Dragon. Her. Big. Drinker. Lizard.

Stay tuned, dear blog readers. Stay tuned.

Books Self Is Interested After Perusing The Guardian’s Summer “Text on the Beach” Issue, 23 July 2015

Self used to do this. A LOT. Post about books she was interested in reading after picking up a copy of The New York Times Book Review (which she used to subscribe to. Until last year), The New York Review of Books (which she also used to subscribe to), The New Yorker (which she still subscribes to, but hasn’t read in six months) and The Economist (which she no longer subscribes to)

Anyhoo, after that very lengthy introduction, here is self with The Guardian’s Summer Reading issue, and after going through the whole thing, self has culled just three books. She must be in some kind of slump?

Here are her three:

  • Grey, by E. L. James — What what what? Self actually read the first two pages in Hodges Figgis in Dublin. And what do you know, she liked it! But The Guardian review is so silly. “Come again, if you insist . . . ” Self still wants to read it.
  • My Brilliant Friend, by Elena Ferrante — “The first part of the Neapolitan trilogy in which almost nothing happens.” (OK, these reviews are one-note and boring. Sorry, Jim Crace, Reviewer. Self will read in spite of)
  • The Girl on the Train, by Paula Hawkins — Let self dispense with the utterly dispensable: i.e., the review. And let’s just say, if this novel is indeed a riff on Gone, Girl, she likes. So “Girl, Girl, Girl, Girl, Girl, Girl, Girl, Girl On the Train” is a barrel of laughs.

Just for that, self is popping over to the London Review of Bookstore (Hey, last AWP Book Fair, in Minneapolis, she actually saw a table for the London Review of Books! She’s not sure if they’ve been coming every year, but this year was the first time she noticed them)

Side Note:  Harper Lee’s Go Set a Watchman is in every bookstore window, all over Dublin and London. So happy for her. Promise to read the book, at least five years from now.

Stay tuned, dear blog readers. Stay tuned.

The Journey of Emigrant Women/ Csilla Tolday and Fil Campbell

Self visited Rostrevor because Csilla Toldy was performing in the Fiddlers Green Festival.

Csilla, a poet from Hungary, and Fil Campbell, a songwriter who grew up in Belleck, on the Donegal border, were telling stories.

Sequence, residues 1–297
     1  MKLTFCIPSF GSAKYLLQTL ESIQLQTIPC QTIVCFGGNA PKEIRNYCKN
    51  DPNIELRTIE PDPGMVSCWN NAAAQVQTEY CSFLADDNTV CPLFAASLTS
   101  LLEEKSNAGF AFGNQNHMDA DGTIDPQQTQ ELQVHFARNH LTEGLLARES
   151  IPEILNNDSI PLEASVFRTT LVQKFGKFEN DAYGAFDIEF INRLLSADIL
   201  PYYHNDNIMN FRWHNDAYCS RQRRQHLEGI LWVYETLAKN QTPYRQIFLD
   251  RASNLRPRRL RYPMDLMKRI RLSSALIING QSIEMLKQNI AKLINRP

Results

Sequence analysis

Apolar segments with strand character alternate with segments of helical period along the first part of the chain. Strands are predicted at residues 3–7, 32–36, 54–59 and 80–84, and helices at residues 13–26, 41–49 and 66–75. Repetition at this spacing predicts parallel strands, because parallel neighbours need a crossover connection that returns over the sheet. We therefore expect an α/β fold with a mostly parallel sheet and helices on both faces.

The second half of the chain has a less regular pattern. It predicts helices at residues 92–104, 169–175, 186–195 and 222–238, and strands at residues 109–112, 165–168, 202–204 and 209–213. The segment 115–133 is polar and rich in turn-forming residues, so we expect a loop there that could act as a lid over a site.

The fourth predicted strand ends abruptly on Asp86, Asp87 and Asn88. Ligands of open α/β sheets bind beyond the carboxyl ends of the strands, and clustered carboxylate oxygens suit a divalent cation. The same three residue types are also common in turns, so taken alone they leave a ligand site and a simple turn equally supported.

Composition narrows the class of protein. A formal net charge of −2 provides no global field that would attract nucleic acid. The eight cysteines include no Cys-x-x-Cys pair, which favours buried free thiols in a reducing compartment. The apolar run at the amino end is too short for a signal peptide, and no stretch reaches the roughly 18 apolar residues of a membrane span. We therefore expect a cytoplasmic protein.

Csilla came through the “green border” at 18.

Fil grew up during The Troubles in Northern Ireland.

The two women came together, decided to tell their stories as layered narrative: Csilla’s poetry and short prose, Fil’s memoir and her folk songs. The result was a book, The Emigrant Women’s Tale (Lapwing Publications, Belfast, 2015) that comes with a CD.

Yesterday’s performance: What. An. Event. Self can’t even.

And it happened in Rostrevor.

The two women are amazing.

Rostrevor is amazing.

Also, and self didn’t know this before: C. S. Lewis was born in Belfast; Northern Ireland was his spiritual home.

In Rostrevor there is a trail called The Narnia Trail.


Start of The Narnia Trail, Rostrevor, Northern Ireland

Start of The Narnia Trail, Rostrevor, Northern Ireland

How can one resist?

Stay tuned, dear blog readers. Stay tuned.

Live on Self’s “First Life”

The classroom of the future, according to self:

The first corollary: what is average is perfect.

Today I’m thick or something because thoughts are dark as dark.

I can hear Big arguing. He sits on Her’s other side. He’s telling Drinker, the formlessness. That’s what I mean.

Story’s live now on

Self does love these formless, voice-driven, futuristic imaginings that come more and more often since Ireland.

Maybe not such a surprise, for someone who adores Russell Hoban’s Riddley Walker.

Stay tuned.

« Older entries


Get every new post delivered to your Inbox.

Join 2,205 other followers